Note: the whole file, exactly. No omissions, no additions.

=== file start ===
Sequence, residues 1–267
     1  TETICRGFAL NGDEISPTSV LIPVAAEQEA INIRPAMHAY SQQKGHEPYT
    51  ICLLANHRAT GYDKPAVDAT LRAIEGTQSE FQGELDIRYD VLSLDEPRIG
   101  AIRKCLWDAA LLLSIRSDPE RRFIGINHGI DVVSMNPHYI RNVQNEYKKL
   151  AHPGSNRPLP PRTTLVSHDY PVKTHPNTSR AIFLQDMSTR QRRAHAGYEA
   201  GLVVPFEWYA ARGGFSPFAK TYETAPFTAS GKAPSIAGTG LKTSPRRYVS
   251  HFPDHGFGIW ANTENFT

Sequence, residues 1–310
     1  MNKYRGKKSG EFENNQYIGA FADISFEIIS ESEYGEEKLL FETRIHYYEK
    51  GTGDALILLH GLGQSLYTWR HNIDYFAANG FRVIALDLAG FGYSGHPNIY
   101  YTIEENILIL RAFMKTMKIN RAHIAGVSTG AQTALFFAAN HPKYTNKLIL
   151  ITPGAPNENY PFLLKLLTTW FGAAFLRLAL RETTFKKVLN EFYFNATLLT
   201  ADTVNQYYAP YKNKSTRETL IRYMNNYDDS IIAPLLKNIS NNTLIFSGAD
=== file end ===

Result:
Sequence, residues 1–267
     1  TETICRGFAL NGDEISPTSV LIPVAAEQEA INIRPAMHAY SQQKGHEPYT
    51  ICLLANHRAT GYDKPAVDAT LRAIEGTQSE FQGELDIRYD VLSLDEPRIG
   101  AIRKCLWDAA LLLSIRSDPE RRFIGINHGI DVVSMNPHYI RNVQNEYKKL
   151  AHPGSNRPLP PRTTLVSHDY PVKTHPNTSR AIFLQDMSTR QRRAHAGYEA
   201  GLVVPFEWYA ARGGFSPFAK TYETAPFTAS GKAPSIAGTG LKTSPRRYVS
   251  HFPDHGFGIW ANTENFT

Sequence, residues 1–310
     1  MNKYRGKKSG EFENNQYIGA FADISFEIIS ESEYGEEKLL FETRIHYYEK
    51  GTGDALILLH GLGQSLYTWR HNIDYFAANG FRVIALDLAG FGYSGHPNIY
   101  YTIEENILIL RAFMKTMKIN RAHIAGVSTG AQTALFFAAN HPKYTNKLIL
   151  ITPGAPNENY PFLLKLLTTW FGAAFLRLAL RETTFKKVLN EFYFNATLLT
   201  ADTVNQYYAP YKNKSTRETL IRYMNNYDDS IIAPLLKNIS NNTLIFSGAD